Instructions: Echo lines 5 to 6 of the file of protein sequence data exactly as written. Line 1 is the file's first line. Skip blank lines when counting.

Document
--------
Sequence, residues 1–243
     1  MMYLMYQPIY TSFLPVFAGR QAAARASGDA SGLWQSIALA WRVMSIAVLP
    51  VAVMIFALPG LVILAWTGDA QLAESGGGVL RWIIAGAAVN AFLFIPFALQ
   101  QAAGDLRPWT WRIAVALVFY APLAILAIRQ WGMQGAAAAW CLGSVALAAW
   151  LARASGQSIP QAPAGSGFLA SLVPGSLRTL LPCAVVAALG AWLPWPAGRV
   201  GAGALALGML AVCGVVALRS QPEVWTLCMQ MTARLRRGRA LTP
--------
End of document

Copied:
   151  LARASGQSIP QAPAGSGFLA SLVPGSLRTL LPCAVVAALG AWLPWPAGRV
   201  GAGALALGML AVCGVVALRS QPEVWTLCMQ MTARLRRGRA LTP